Architecture vs. Music

While attending Cal Poly Pomona I had an architectural instructor name Steven Bocher. As a “Greek”, he believed in cafes in front of every project. He likened the music shared by all as the sole and integral piece of the architecture, the spirt of the space. Standard ABCBA patterns in architectural elevations as in musical scales was pointed out. Music and architecture have similar patterns. I am a space designer. I feel the space. I always have.

I have just finished reading Keith Richards autobiography. He is a musician and cares for the music. Being the popular Rolling Stones lead guitar guy keeps him in the loop with many high performing people all over the world. That almost sounds like a great architect and his design teams.

Keith describes Music as ”where the sounds just melt into one another-- you’re looking for its power and force, without volume—an inner power a way to bring people together -- making one sound.” “It becomes almost an obsession. The heart is in the connection. -- Each touching of the bases, creating a thread that runs through all of us.” This is the feel of great architecture! Wow! He might have been a great architect if he could play the part the clients and governments require. He is an “out of the box” man. Many great figures are.

Throughout my Architectural studies, I was taught to have a parti, one strong theme that runs through the individual design. That is hard for me. I like many ideas tied together. One of Keith’s thoughts on this are “Getting down to the bare bones of a riff --- the song would fall into place – find the first few chords and the rest will fall into place of its own volition – you can figure out the other things like the bridging in the middle later – the immediacy in retrospect made it even more interesting – a little sparkle of an idea – it will be a beautiful thing.” Most of his ideas sound just like how I feel when designing buildings, spaces, and then filling in on the details and specifications.

“Great songs write themselves.” Great sites do the same for architecture. “You’re just being led by your nose or ears – The skill is not to interfere with it too much. At a point ignore intelligence, ignore everything and just follow it where it takes you. You really have no say in it—songs write themselves, you’re just the conveyor. – What kind of sound, what tempo, what key.” How did Frank Lloyd Write design Falling Water in 30 minutes? “You can tell how much calculation has gone into it.” Is it muddy? Can you tell if there is heart in the drawings? Did the architect feel out the site and work within the sweet spots? “How free flowing is it? “How little can you put into it? -- Tame the beast.—there is a relationship with songs. Songs should come from the heart –let the stuff come out – it will arrive.” The love of architecture, or is it music? “It is sheer pleasure, a wonderful gift, it amazes”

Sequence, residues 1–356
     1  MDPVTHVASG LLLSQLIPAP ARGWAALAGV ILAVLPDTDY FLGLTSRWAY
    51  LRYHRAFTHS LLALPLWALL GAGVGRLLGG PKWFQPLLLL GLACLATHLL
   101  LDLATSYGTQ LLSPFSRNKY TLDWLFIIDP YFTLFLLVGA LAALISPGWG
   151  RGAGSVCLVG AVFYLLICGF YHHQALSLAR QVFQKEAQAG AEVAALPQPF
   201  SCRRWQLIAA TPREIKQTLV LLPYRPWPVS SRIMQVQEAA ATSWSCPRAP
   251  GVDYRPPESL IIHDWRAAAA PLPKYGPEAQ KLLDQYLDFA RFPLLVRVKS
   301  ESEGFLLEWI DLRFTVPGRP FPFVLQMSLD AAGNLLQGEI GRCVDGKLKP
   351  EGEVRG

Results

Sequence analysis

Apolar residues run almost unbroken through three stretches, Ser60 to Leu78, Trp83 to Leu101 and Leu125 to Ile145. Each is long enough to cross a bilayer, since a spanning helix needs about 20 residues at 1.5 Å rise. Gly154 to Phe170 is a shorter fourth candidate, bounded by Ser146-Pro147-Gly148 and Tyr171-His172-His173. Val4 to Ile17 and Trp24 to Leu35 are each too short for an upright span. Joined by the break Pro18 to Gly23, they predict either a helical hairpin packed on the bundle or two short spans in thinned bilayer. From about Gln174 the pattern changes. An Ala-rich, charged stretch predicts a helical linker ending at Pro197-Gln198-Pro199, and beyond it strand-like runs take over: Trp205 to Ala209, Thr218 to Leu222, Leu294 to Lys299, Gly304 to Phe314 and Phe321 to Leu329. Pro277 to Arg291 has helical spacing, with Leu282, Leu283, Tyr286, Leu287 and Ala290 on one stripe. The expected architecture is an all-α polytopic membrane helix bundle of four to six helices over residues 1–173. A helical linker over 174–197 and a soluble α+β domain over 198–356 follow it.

I work with a healer. Her name is Vivian Jaye. She helps me stay grounded on this planet and knows me very well. Type A personality. She advises me to expand my horizons and start collaborating with others on bigger design issues. I have started that. Toward the end of the book, Keith says, “What you really want is for music to love you. It takes a certain amount of respect for the process. You’re not writing it, it’s writing you.” What a great analysis of the design process. It is how I work on custom projects. It is never up to me. The site, client, and design parameters decide what can and should be located on any project. The design falls into place. These are always the best-designed projects.

It all goes back to Steven Bocher, and my time at Cal Poly Pomona. “All ARCHITECTURE should sing to you”!